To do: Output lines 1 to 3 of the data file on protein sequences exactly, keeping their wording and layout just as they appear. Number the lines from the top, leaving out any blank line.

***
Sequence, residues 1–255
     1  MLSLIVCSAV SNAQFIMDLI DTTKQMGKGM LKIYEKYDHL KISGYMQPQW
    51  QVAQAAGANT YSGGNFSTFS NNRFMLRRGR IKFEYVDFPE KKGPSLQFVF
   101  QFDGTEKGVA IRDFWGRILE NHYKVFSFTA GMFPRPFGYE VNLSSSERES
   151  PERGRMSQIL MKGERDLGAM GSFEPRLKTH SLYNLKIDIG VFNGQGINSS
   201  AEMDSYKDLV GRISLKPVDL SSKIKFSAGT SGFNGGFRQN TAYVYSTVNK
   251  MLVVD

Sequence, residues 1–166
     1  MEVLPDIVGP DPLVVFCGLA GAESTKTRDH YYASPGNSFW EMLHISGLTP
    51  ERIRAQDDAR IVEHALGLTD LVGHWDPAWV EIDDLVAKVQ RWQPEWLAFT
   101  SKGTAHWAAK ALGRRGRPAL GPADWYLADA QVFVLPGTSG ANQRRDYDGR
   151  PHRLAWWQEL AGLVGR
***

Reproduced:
Sequence, residues 1–255
     1  MLSLIVCSAV SNAQFIMDLI DTTKQMGKGM LKIYEKYDHL KISGYMQPQW
    51  QVAQAAGANT YSGGNFSTFS NNRFMLRRGR IKFEYVDFPE KKGPSLQFVF